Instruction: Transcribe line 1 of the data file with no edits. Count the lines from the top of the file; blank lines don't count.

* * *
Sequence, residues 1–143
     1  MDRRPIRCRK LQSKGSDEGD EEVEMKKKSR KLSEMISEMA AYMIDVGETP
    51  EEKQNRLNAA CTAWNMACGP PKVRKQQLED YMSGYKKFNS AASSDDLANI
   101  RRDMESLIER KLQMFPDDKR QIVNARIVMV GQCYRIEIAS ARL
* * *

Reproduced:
Sequence, residues 1–143